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Matt Archer: Monster Hunter (Matt Archer #1) Kindle Edition

4.6 out of 5 stars 122 customer reviews

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Length: 297 pages Enhanced Typesetting: Enabled

To All the Boys I've Loved Before
To All the Boys I've Loved Before
What if all the crushes you ever had found out how you felt about them - all at once? Lara Jean Song keeps her love letters in a hatbox her mother gave her. Until the one day her secret letters are mailed, and suddenly, Lara Jean’s love life goes from imaginary to out of control. Paperback | Kindle book

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Editorial Reviews


"A fast-paced, self-pubbed action novel with funny asides that the 12+ crowd will really enjoy - even those who might not really love reading." -- Tanita Davis, Guys Lit Wire

"The book is about what you'd expect of high-grade YA urban fantasy: a nice sarcastic first person voice with a nice garnish of adolescence and some good humor...with the sorts of fun twists and developments you'd expect from a master craftsman."   -- Awesome Indies (Awesome Indies Approved)

From the Author

This book is intended for readers aged 12 and up. The Matt Archer series is classified as "teen" and not intended for readers under 12. Please be advised.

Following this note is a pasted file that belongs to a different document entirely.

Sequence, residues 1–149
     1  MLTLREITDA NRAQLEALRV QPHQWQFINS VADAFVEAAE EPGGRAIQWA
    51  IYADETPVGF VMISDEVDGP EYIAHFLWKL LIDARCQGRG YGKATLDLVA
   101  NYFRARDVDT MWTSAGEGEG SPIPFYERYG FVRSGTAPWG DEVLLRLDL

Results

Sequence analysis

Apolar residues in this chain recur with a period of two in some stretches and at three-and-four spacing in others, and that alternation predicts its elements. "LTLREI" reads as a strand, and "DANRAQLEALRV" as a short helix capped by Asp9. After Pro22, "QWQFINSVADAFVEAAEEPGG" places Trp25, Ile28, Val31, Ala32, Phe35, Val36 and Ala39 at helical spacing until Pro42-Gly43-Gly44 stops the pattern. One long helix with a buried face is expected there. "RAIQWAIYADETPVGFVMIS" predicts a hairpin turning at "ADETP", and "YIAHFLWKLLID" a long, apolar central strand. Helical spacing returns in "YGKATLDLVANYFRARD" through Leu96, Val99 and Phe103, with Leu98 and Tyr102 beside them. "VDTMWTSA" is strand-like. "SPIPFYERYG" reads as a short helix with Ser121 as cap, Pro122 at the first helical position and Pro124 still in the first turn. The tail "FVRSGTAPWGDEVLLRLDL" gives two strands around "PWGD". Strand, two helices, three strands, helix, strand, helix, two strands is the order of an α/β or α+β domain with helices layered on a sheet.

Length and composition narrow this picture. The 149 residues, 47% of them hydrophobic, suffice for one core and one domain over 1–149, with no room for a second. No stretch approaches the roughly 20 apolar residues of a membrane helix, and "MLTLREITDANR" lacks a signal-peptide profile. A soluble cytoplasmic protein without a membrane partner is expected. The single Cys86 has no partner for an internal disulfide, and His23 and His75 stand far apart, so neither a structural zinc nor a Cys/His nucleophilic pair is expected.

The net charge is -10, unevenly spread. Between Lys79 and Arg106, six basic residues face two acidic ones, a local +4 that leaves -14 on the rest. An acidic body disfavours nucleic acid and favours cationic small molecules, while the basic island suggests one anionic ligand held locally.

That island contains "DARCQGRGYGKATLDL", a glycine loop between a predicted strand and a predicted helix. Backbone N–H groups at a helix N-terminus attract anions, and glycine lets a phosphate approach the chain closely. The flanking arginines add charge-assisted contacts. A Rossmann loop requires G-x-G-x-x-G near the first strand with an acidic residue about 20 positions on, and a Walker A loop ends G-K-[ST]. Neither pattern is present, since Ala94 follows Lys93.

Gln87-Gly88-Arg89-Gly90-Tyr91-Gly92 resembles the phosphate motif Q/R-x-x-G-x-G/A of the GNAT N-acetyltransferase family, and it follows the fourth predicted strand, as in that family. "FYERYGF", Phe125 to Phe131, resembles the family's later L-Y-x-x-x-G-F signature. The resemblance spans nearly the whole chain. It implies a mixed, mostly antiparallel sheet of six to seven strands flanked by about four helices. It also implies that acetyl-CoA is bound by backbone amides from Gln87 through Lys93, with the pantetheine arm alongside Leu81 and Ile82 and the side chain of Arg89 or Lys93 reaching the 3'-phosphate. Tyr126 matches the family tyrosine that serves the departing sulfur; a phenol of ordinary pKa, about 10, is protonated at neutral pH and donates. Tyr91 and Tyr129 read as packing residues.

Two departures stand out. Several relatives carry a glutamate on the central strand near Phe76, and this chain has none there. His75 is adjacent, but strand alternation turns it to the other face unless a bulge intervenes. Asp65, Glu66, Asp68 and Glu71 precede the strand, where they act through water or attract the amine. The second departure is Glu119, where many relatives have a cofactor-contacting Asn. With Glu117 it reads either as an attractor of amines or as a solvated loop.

Product Details

  • File Size: 2039 KB
  • Print Length: 297 pages
  • Simultaneous Device Usage: Unlimited
  • Publication Date: December 6, 2013
  • Sold by: Amazon Digital Services LLC
  • Language: English
  • Text-to-Speech: Enabled
  • X-Ray:
  • Word Wise: Not Enabled
  • Lending: Enabled
  • Enhanced Typesetting: Enabled
  • Amazon Best Sellers Rank: #18,181 Free in Kindle Store (See Top 100 Free in Kindle Store)
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More About the Author

Kendra C. Highley lives in north Texas with her husband and two children. She also serves as staff to four self-important and high-powered cats. This, according to the cats, is her most critical job. She believes in everyday magic, extraordinary love stories, and the restorative powers of dark chocolate.

Customer Reviews

Top Customer Reviews

Format: Kindle Edition
Matt Archer is your average high school freshman, until he's attacked by a monster and finds out he's not. Average, that is. He's still 14, and has to cope with all the trials of school (& girls!) that come with that.